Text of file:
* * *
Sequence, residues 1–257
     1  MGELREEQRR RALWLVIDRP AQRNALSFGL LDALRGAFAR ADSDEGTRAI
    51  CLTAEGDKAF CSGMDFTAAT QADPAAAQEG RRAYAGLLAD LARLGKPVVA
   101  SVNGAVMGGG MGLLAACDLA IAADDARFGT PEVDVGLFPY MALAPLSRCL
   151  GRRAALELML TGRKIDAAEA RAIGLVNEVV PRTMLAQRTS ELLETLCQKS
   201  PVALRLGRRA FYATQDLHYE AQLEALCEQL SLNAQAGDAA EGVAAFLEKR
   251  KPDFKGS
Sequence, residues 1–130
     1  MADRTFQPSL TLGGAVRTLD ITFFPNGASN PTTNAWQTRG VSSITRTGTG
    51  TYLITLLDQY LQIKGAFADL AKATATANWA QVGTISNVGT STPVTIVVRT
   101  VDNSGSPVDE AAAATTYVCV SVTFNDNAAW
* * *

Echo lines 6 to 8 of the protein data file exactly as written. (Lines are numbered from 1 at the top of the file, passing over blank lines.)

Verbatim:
   201  PVALRLGRRA FYATQDLHYE AQLEALCEQL SLNAQAGDAA EGVAAFLEKR
   251  KPDFKGS
Sequence, residues 1–130